Despite having more than 200 languages, Aborigines had no
written language. They used message sticks carved with illustrations
that reminded the carrier of the content of the message, and
showed the recipient that the message was genuine. While message
sticks may have been adequate for the locals, for the settlers
from Europe, the difficulty of communications between the
colony and Britain was a major obstacle that dictated and
shaped much of Australia's early history.
For a country that occupies an island continent of 7,682,300
square kilometres on the other side of the world, communications
is more than merely a convenience. It is quite literally the
social and technological lifeline of a nation.
The most significant development in communications since
the message stick and the smoke signal, was the morse code.
Invented by Samuel Finley Brice Morse in the United States
in 1844, the technology of the telegraph was introduced to
Australia in 1854 by Samuel McGowan, a Canadian who had worked
with Morse. Until 1871 when a series of submarine telegraph
cables and land lines finally linked Darwin to Falmouth in
England, messages between the colony and Britain used to take
up to three months. The telegraph represented an important
turning point in the history of a continent which until then,
had developed independently and in technological isolation
from the progress of Europe and the United States. From this
moment on, Australian innovation closely followed in the steps
of, and at times led, the breakthroughs and technological
advances in the rest of the world.
Just two years after the first telephone was demonstrated
by Alexander Bell in 1876 in Boston, Massachusetts, Australia's
first telephone was operating in Melbourne, and just two years
after the installation of the world's first exchange in Connecticut
in 1878, Melbourne had an exchange in operation. By Federation
in 1901 there were 22,310 telephones in Australia, mostly
in capital cities, and international telephone services to
England commenced in 1930. By 1986, utilising high performance
antennae that overcame fading, Australia had the world's largest
digital microwave trunk system, stretching over 5,000 kilometres
from Perth to Brisbane. An innovation that allowed the extensive
installation of long cable systems was the development of
a unique technique for ploughing fibres directly into the
The age of the wireless arrived in 1894 when Gugliemlo Marconi
demonstrated electromagnetic communication in Italy. Three
years later, Sir William Henry Bragg at the University of
Adelaide was sending messages by morse code using radio waves.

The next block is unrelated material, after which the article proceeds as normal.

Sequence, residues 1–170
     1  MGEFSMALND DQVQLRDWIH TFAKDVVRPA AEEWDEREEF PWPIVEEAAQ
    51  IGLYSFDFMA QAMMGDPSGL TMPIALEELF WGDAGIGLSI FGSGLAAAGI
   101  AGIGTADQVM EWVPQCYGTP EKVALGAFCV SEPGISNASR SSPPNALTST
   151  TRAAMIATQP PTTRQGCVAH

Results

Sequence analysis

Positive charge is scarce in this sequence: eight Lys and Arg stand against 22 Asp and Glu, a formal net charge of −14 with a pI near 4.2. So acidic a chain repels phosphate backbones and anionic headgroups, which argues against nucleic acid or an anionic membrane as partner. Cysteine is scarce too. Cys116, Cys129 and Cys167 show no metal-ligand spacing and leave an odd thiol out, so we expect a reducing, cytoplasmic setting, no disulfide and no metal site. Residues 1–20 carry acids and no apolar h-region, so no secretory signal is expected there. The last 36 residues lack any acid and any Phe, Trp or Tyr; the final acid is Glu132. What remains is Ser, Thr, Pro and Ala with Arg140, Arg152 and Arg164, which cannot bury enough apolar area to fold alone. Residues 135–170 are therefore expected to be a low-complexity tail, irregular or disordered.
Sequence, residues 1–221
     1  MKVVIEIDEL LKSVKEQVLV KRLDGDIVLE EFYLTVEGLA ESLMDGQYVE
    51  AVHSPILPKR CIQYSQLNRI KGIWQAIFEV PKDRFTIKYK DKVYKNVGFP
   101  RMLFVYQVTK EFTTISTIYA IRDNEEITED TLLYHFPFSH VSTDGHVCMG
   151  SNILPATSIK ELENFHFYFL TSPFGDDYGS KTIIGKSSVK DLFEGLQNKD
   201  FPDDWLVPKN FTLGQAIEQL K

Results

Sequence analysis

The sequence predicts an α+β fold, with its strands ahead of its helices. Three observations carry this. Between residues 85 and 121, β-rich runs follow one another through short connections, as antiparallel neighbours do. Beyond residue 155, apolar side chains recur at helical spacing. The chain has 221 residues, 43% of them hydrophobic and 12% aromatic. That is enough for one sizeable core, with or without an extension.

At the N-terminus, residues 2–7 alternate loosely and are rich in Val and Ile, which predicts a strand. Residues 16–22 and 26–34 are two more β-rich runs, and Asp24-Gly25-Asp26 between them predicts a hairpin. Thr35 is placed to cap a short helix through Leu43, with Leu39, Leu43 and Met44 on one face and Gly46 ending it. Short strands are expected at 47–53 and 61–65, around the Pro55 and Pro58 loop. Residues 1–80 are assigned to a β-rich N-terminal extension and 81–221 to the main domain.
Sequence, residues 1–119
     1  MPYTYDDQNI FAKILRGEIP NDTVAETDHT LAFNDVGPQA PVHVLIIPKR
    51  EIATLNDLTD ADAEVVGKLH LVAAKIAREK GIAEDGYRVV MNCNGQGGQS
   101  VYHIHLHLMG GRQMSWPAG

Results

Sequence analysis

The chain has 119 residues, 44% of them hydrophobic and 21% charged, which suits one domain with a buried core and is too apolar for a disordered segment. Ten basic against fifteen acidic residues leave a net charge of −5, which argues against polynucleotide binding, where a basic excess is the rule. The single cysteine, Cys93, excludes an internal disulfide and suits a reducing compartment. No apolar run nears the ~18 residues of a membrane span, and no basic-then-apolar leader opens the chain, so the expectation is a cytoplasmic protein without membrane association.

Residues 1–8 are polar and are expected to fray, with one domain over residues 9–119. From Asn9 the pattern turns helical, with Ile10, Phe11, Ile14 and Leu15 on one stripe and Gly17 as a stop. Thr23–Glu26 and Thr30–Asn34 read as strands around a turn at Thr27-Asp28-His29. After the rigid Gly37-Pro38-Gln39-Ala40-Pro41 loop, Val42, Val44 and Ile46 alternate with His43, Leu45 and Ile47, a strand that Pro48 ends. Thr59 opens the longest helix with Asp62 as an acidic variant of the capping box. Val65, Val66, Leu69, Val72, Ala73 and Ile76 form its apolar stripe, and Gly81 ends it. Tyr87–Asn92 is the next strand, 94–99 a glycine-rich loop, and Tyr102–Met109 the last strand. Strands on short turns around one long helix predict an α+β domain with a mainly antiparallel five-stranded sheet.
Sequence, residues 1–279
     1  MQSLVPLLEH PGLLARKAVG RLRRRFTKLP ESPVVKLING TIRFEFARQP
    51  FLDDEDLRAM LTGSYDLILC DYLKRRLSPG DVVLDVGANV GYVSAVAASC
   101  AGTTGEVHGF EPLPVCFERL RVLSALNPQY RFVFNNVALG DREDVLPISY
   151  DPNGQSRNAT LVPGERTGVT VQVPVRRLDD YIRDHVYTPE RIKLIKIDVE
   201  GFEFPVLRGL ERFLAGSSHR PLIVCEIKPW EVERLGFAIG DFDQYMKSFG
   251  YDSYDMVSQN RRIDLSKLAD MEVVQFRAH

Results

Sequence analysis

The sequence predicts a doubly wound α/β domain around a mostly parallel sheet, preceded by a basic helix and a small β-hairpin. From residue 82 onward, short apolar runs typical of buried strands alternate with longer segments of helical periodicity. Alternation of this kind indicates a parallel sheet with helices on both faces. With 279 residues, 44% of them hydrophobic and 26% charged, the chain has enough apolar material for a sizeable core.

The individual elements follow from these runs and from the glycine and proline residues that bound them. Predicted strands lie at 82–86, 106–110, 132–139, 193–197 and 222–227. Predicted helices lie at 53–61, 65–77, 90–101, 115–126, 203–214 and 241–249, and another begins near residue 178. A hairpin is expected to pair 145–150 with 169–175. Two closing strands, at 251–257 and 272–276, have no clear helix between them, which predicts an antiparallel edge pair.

Although television came late to Australia in 1956, it was
the first country to utilise a communications satellite as
a relay station to provide TV program relays to small population
Adapted and engineered to local conditions and requirements,
much of Australia's conventional communications systems are
also based on imported technology introduced by the local
subsidiaries of many prominent multinational telecommunications
and computing companies. There have, however, been some exciting
exceptions. Indeed, Australia has emerged as one of the leaders
in global communications and computing. We review some of
Australia's internationally most significant innovations that
are currently commercially available in the following pages.
Communications in the 1990s involves much more than conventional
telecommunications. It includes every form of information
exchange, control, management and interaction between humans,
as well as between humans and machines. It encompasses numerous
specialised disciplines and utilises all our senses including
sound, vision and touch.
Consequently, in addition to telecommunications, fibre optics,
microwave and radio frequency communications, local area networks
and related equipment, we have also included many other innovations
in this chapter such as software program development, digital
signal processing, data management and manipulation, security
detection technologies, personnel evaluation tools, as well
as communication tools for the visually impaired.
For puritans of traditional communications, these may appear
to be outside their subject area. Nevertheless, each product
and technology reviewed, has an important and integral part
to play in modern communications our most important tool for
the 21st century.
Due to an unresolved dispute
with the Australian Trade Commission (Austrade),
who copied and adopted as their own certain material from
Tomorrow's World, the Australian Initiative, and published
the material in their Australia Open for Business website,
without remorse or recompense, access
by Australian Government servers to this online edition
has been blocked indefinitely.